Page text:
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What can program evaluation learn from deliberative assessment? (a thinking ‘out loud’ post)

Wednesday night the Oregon Program Evaluators Network (OPEN) held a great “networking & community learning” event. We did a little beer-drinking, a lot of networking, and heard from a number of members and friends who shared briefly about a project, or a concept or tool they’ve learned about recently.

I shared about deliberative assessment. Deliberative assessment is an approach to higher ed assessment that I learned about during a visit on our campus with electronic portfolio and assessment guru Darren Cambridge (of American Institutes for Research).

Darren says that “Assessment means making student learning visible so that it can inform programmatic and curricular innovation and demonstrate effect on learning and identity development.” (see link to slideshare at bottom of post for source of this and below quotes)

With regard to deliberative assessment, he adds that:

  • “Students are privileged informants about their own learning.
  • Evidence of learning needs to come from multiple contexts, and the relationships between them need to be articulated.
  • Assessment should be a system of deliberative processes inclusive of all stakeholders that makes programs more responsive to them.”

So where traditional assessment approaches might seek to standardize and compare student performance to outcomes that are a set of standards established by higher powers (perhaps even via standardized tests – yuck – not that I have an opinion about that…). In contrast, a deliberative approach would “capture standards all stakeholders value as enacted in practice and examining alignment of both student and programmatic performance.”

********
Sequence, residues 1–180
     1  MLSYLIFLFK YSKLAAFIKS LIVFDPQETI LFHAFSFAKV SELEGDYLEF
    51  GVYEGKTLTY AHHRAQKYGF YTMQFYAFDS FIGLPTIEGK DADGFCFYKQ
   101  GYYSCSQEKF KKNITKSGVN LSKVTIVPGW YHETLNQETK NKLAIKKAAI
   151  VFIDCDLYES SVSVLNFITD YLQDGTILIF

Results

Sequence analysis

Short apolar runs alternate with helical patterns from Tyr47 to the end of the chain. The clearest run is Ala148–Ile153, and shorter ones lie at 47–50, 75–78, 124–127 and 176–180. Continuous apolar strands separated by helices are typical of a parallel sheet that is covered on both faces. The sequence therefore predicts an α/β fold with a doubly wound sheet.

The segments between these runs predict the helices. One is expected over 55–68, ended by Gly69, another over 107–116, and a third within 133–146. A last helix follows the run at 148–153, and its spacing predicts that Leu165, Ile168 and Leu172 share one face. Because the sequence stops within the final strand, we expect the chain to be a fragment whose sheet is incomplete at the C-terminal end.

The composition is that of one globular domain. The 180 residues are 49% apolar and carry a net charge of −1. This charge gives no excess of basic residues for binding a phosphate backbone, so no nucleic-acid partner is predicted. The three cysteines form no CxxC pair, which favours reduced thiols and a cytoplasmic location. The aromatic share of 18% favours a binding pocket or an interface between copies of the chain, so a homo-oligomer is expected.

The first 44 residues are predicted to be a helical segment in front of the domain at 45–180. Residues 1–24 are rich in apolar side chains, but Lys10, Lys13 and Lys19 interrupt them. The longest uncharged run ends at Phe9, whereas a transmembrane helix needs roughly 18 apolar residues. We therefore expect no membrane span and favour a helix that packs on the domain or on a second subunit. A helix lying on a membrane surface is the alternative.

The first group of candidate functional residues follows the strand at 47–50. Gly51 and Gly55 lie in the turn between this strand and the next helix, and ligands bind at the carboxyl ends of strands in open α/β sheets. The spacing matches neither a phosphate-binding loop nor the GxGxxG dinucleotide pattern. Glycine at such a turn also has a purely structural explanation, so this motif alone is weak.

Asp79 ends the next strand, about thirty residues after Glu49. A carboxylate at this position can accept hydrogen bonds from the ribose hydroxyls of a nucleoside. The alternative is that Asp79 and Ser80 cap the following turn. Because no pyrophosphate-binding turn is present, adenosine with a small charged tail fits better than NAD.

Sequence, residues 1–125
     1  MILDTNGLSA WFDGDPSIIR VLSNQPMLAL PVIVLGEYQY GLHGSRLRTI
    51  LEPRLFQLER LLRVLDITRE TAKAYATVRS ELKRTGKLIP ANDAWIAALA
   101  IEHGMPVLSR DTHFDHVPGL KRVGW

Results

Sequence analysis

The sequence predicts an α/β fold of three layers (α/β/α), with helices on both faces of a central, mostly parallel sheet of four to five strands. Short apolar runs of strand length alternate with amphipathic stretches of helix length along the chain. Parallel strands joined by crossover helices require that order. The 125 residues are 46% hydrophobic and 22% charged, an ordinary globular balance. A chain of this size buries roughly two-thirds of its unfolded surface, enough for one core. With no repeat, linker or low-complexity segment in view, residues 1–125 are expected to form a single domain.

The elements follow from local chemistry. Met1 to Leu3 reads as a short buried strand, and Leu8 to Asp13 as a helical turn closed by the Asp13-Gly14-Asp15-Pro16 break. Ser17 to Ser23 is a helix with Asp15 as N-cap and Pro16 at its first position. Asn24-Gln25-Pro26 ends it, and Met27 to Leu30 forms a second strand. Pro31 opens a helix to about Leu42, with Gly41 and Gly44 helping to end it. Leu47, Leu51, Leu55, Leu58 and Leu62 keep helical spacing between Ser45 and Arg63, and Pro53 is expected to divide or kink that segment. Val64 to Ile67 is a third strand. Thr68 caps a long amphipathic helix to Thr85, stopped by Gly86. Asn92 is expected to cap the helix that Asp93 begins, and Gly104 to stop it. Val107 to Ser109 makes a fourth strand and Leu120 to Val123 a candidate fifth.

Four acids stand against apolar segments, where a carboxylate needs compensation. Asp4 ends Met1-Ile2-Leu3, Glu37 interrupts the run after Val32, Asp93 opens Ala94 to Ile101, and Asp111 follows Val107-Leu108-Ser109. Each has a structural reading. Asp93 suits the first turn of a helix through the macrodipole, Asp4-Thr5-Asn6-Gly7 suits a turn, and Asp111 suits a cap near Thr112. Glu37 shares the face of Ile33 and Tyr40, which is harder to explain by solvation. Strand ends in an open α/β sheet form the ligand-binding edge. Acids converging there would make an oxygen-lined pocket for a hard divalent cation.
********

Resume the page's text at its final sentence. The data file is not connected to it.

A benefit of deliberative assessment, then, is that it takes a collaborative approach. It recognizes and makes use of the fact that universities and students need each other to learn. Programs then are to think of themselves as accountable to students. So instead of telling students they all must meet X and Y standards, we articulate what we ‘promise’ students will know, based on work done to determine what we (including students) value and need.

Can you see connections here to program evaluation approaches? To formative and impact evaluation? To developmental evaluation? To collaborative and empowerment and participatory evaluation? To supporting action based on data? I do!

Ultimately, this illustrates why I think that the two fields (higher ed assessment and program evaluation) can learn from one another. We use different terminology, but we often are coping with the same challenges, and having similar successes. AND, it’s these types of approaches, in assessment and program evaluation, that resonate with me as authentic, meaningful, and lending themselves to action based on the results of their work.

And, to take a bit of a tangent here, but to underscore my feelings about what the assessment field might teach program evaluation… I’ll also point out that a central function of assessment is measuring and understanding learning (duh, right?). Program assessment findings are or can easily be framed by the question “what are we (said program) learning?” and “what might we do or change as a result from learning whatever it is that we are learning?” And I’ll ask this: Aren’t we ultimately trying to learn about something when we do program evaluation as well? Couldn’t a program evaluation project benefit from intentionally framing our work this way? Calling out learning as a central goal for the project? And if we were to explicitly frame evaluation findings around learning, might we (both evaluators and program administrators) be more likely to apply that learning — to use the evaluation findings to make improvements, etc.?

Anywhoo, here’s a link to a presentation from Darren Cambridge strikingly similar to the one we saw during his visit and containing the quotes used in this post, and another to his book E-Portfolios for Lifelong Learning and Assessment which covers deliberative assessment, among other things, in much greater detail.

Posted in higher education

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